“It is perfectly reasonable for a patient to expect some form of confidentiality between themselves and their GP and it then becomes a pressure to the GP as guardian to the patients as to what they actually enter onto the electronic record. Patients want things kept ‘secret’ but it could affect their health if it remains so. Ultimately, there has to be some subjects of [that] data that have to be shared.”

He re-iterated the fact that plans for ‘sealed envelopes’ to restrict sharing of such data would not be in place for the pilots and are not likely to become available until 2008/9 and procedures would need to be in place before this.

“The BMA’s policy is that explicit consent should be obtained before any healthcare information is uploaded onto the spine.”

A visit to the see the IT system used by the Veterans Administration in the US was an indicator of the later advantages for the ministerial taskforce, Mr Johnson said.

The VA system is the ‘largest enterprise-wide health information system’ and includes a computerised patient record system for all VA centres.

“The VA was interesting for us in that, for such a large system, they did not experience any of the problems we have encountered here. They simply amalgamated databases together and created one large database of patient records.

“Patients and doctors cannot change data, but they can make amendment notes. Erasing a record is not possible, but a patient can ask to have their views added if they dispute any details in their records.”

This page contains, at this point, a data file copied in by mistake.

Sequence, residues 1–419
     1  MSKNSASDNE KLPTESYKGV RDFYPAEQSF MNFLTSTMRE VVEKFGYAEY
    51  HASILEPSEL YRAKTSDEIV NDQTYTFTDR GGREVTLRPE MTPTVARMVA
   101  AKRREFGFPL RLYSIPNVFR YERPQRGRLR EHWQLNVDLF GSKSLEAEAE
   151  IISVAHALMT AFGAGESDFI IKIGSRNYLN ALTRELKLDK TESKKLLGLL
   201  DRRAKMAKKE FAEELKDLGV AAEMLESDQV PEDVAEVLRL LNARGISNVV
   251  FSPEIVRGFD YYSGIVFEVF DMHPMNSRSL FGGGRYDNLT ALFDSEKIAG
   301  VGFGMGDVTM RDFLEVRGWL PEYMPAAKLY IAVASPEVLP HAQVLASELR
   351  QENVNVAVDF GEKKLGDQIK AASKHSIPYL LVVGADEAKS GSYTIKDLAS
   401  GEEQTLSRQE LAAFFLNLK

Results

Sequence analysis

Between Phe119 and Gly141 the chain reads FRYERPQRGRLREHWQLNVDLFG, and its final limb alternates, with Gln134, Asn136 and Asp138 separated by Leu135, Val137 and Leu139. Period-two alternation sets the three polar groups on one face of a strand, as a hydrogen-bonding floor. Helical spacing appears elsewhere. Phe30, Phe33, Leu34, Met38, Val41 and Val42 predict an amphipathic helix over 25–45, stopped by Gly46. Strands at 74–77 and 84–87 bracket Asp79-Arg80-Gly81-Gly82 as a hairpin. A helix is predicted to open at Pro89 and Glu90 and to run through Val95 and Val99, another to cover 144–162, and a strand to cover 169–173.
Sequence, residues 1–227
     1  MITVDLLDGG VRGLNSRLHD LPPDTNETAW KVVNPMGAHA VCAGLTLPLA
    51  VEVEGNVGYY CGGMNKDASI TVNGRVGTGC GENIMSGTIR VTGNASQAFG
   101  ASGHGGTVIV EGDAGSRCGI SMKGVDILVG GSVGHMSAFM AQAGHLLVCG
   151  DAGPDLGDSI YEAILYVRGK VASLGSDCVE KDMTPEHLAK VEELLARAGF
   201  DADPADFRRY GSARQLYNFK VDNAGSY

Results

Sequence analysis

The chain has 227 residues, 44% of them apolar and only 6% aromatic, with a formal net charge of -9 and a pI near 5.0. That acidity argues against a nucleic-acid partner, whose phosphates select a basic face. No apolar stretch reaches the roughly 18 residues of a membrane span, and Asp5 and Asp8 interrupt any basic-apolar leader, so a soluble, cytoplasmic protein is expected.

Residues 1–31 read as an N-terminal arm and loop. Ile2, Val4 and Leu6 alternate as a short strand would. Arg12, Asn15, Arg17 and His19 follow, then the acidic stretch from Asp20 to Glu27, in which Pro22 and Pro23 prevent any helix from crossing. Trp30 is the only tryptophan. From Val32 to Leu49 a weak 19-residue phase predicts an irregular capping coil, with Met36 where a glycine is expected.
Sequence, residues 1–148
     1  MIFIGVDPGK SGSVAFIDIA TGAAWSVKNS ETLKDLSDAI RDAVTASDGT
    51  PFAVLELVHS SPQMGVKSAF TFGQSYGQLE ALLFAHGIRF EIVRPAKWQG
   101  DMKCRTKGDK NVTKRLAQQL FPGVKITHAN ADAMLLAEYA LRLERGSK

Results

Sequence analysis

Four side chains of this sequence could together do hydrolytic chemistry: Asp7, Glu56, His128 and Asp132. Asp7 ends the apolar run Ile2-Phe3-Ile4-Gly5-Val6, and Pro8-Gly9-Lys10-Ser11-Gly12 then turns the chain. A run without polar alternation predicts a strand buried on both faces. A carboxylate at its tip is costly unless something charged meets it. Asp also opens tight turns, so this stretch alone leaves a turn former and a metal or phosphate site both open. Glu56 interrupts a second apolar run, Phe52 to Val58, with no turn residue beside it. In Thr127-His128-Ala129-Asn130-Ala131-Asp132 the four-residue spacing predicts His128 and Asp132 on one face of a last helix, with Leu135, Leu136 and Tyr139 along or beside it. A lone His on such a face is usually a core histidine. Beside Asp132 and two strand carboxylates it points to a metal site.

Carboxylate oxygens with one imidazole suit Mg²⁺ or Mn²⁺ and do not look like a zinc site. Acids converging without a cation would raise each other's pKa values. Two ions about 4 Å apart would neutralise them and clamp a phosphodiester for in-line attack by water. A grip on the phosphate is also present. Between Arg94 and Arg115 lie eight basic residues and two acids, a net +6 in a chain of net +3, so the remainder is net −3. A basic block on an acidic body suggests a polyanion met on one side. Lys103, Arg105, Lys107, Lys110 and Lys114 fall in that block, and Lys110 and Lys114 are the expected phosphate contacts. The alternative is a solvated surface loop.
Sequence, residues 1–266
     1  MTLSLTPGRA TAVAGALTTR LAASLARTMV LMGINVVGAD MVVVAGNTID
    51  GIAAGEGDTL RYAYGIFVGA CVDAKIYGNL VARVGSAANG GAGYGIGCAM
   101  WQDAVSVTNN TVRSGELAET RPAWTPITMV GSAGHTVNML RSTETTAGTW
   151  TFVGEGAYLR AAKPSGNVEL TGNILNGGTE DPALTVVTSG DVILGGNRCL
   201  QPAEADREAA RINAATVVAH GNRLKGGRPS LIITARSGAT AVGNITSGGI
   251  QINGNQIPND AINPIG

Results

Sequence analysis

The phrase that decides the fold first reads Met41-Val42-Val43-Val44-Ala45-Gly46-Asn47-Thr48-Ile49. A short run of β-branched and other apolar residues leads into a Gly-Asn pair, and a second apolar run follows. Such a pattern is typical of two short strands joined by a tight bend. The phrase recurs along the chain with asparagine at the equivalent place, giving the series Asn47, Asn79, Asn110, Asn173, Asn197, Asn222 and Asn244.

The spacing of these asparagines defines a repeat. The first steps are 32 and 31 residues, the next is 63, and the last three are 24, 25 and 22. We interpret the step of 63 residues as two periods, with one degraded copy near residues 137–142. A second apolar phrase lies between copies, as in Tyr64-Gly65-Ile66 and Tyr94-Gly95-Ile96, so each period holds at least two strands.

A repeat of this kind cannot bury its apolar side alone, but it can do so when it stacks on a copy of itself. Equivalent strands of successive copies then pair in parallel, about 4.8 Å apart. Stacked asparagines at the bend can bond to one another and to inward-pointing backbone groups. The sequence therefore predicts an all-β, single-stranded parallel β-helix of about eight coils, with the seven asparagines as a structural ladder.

He feels that one of the key reasons why the National Programme for IT is suffering is because doctors have not been involved in local implementations of systems and so once deployed, a number of clinical errors are found.

“The idea that every doctor on the shop floor will see the system and begin using it as normal is just pie in the sky! I’ve always maintained with CfH that if you have doctors on board, it would be easier to counter a lot of the negative press and so on.

“I believe that they should have brought doctors and clinicians in from the start, they have now included some doctors and clinicians, who are enthused with the systems, but for many the delays are just too long.”

Mr Johnson particularly emphasised with hospitals that are under pressure to meet targets, but are struggling without a new system.

“It is particularly difficult in hospitals where if systems are on the verge of being completely unusable, then consultants are left wondering what do you do?… Once the systems are all in place and doctors can see the benefits it will be fine, but right now it’s just a great big pain in the neck.”

Asked whether the project would be worth the price tag upon completion, Mr Johnson wasn’t sure.

“Productivity is an issue. Only time will tell. If it does prove to be the system it has been promoted as, I imagine the cost will be quiet quickly forgotten. Otherwise, it will be a national scandal. Predicting the future is tricky – I hope it works but in the end only time will tell.”

Part 2 of E-Health Insider’s exclusive interview with Mr James Johnson will be published next week.